15. Setsubi-tetsu: rail facilities fans
If you love train tunnels and bridges, this is the photo club for you.

16. Unten-tetsu: conductor wannabes
The deepest desire of their hearts is to drive an actual train, but until then, simulators will have to do.

17. Houan-tetsu: railway safety fans
A lot goes into the safe operation of trains, and these otaku want to know about it all.

18. Kaki-tetsu: train artists
They make purdy pictures.

19. Kakuu-tetsu: imaginary train builders
These otaku like to create their own train systems from scratch, at least in their minds. Strangely, there’s always a station right by their house.

20. Ekiben-tetsu: lunch box afficianados
Ekiben are the lunch box sets only available for purchase at particular stations, and these otaku are determined to eat them all.


21. Chibi-tetsu: mini train nerds
This is a special term for the underage otakus-in-training.

22. Mama-tetsu: chibi-tetsu’s mom
Whether she is going along to please her kid or has an interest in trains herself, this lady is neck deep in the otaku world.


23. Kaisha-tetsu: an expert on train companies
They know the business end of things. Buying stock in companies they like is said to be a hobby.

24. Kaigai-tetsu: overseas train nerd
This doesn’t mean a non-Japanese train nerd, but rather a Japanese train nerd interested in trains in other countries.

25. Houki-tetsu: legal beagles
These otaku know the legal ins and outs when it comes to trains.

26. Soushiki-tetsu: literally “funeral otaku”, fans of final runs
These fellas like to be on the last train before a line is closed or model decommissioned.

27. Gunji-tetsu: military experts
Did you know there is such a thing as armored train cars and train-mounted weapons? These guys do.

▼ … I’ll just get the next train.


28. Tetsugaku-tetsu: train philosophers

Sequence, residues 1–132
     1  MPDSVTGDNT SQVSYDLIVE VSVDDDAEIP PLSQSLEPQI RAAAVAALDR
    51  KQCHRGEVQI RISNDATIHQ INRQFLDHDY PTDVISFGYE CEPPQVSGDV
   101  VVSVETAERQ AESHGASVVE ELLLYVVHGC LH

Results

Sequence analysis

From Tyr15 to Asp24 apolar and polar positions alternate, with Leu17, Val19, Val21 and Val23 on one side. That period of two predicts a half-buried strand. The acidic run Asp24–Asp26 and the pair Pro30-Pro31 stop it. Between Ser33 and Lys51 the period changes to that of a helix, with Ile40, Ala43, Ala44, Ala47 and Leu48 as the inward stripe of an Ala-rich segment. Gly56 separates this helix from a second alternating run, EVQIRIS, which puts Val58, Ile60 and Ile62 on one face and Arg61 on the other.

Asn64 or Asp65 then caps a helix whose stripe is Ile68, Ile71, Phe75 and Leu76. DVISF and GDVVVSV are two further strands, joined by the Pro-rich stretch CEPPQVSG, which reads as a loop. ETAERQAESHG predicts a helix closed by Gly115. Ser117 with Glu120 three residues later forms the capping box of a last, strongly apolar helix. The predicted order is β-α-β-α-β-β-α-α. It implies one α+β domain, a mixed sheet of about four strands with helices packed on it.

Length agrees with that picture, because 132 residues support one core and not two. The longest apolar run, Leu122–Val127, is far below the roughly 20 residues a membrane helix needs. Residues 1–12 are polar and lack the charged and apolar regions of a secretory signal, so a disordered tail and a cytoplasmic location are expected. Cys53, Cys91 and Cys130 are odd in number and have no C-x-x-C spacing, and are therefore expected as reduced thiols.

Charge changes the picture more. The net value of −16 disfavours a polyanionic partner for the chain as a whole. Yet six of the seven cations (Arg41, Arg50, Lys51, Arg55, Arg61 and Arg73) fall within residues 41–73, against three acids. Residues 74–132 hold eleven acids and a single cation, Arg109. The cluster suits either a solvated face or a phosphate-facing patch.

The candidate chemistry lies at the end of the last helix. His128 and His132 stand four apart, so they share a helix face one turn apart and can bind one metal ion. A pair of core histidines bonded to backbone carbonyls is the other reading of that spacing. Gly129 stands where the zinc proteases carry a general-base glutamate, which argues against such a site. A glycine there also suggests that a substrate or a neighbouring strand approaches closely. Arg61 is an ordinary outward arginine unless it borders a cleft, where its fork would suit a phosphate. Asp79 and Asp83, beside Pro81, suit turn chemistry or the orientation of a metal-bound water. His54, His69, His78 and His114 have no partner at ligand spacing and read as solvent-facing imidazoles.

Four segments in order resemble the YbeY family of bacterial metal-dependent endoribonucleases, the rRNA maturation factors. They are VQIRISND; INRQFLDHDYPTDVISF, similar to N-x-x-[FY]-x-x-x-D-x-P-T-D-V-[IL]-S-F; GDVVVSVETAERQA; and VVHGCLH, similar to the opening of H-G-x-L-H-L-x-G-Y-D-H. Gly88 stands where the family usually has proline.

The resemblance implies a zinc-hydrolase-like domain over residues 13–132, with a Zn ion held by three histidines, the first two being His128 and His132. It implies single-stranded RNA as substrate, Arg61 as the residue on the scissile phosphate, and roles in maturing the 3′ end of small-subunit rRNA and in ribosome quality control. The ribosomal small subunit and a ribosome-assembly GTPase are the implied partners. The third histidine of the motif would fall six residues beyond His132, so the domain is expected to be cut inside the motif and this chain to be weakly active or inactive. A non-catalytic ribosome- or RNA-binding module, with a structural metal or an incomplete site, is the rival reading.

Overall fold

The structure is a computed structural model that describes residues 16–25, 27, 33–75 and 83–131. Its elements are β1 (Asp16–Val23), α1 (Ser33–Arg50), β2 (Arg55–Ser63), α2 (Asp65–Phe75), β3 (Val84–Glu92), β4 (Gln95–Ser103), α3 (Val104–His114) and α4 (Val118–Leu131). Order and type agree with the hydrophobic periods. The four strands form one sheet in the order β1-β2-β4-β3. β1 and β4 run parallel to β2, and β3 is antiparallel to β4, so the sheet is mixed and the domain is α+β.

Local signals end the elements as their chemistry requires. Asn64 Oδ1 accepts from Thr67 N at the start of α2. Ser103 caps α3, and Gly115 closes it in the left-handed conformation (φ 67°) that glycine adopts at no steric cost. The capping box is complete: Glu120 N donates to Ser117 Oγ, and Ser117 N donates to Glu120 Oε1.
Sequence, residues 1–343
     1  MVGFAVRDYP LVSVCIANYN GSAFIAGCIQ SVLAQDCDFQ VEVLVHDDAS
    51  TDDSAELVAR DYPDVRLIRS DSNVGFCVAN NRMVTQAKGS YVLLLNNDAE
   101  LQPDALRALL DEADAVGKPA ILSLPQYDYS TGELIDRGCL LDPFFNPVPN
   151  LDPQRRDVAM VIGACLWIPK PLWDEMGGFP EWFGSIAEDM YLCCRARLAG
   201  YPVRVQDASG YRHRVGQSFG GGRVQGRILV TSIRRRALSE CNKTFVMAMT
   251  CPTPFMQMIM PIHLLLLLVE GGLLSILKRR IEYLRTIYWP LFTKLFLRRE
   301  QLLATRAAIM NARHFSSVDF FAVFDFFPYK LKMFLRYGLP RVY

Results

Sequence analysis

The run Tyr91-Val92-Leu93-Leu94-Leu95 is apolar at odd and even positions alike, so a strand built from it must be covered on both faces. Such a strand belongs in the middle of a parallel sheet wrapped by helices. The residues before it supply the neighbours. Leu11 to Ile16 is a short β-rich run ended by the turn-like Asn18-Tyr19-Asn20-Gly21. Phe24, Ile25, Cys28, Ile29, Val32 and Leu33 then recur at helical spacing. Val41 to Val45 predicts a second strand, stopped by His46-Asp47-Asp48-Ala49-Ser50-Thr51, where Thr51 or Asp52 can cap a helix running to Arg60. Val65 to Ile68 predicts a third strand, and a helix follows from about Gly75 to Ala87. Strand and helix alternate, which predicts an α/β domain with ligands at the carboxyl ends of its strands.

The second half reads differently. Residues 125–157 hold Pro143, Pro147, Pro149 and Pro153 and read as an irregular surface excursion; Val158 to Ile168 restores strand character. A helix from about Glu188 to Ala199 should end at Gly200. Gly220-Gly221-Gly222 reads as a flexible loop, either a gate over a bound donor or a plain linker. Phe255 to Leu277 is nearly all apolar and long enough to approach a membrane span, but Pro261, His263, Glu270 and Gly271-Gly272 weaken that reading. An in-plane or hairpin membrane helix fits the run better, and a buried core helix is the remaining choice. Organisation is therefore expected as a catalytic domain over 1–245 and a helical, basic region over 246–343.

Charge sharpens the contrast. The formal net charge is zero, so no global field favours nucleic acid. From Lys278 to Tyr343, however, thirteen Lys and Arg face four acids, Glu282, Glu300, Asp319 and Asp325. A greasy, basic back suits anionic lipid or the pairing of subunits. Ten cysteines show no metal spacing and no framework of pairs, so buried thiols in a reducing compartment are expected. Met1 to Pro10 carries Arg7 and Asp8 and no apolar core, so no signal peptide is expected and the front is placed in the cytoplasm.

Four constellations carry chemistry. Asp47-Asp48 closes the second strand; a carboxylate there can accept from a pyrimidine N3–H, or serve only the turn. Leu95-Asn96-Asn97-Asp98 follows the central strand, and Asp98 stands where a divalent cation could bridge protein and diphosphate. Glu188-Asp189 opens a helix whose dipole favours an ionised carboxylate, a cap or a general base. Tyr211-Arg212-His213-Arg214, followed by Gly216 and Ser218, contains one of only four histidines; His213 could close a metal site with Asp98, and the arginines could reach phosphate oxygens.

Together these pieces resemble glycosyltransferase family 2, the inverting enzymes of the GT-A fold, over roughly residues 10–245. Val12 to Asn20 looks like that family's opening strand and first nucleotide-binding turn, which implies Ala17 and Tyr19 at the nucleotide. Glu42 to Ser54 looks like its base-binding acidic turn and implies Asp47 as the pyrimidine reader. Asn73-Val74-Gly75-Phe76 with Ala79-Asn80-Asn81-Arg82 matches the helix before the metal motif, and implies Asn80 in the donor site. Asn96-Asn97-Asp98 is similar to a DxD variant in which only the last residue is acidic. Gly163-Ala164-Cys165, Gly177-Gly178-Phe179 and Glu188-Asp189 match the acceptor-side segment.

These otaku like to look at older trains and philosophize about what their design has to say about society of that era. Deep.

29. Reikishi-tetsu: history buffs
They study the history of rail travel.

30. Tetsukei-tetsu: rail police fanboys
I guess they like the uniforms?

31. SL-tetsu: steam locomotive experts
These otaku only have eyes for the old-school steam engine trains.

32. Game-tetsu: train gamers
Apparently there are train-related games in Japan, like “Let’s go by train!” and “Let’s take the A line“.



33. Ne-tetsu: train sleepers
Wait, this is a hobby?

34. Ekine-tetsu: station sleepers

35. Tori-tetsu: thieves
Not to be confused with #1, this tori-tetsu uses as different kanji that means steal. They like to lift the number plates off of trains or steal branded goods from sleeper trains.

36. Kuzu-tetsu: jerks
Apparently, they enjoy riding trains just to be rude and make a nuisance of themselves.


Wow, that was quite a list. We never knew there were so many types of train nerds. Have you ever seen any while riding the rails? Just be sure to watch out for #36!

Source: Nanapi
Images: Zazzle (top, available to order!), RocketNews24, Wikipedia (stamp), Kotsubamm (ruins), Let’s take the A line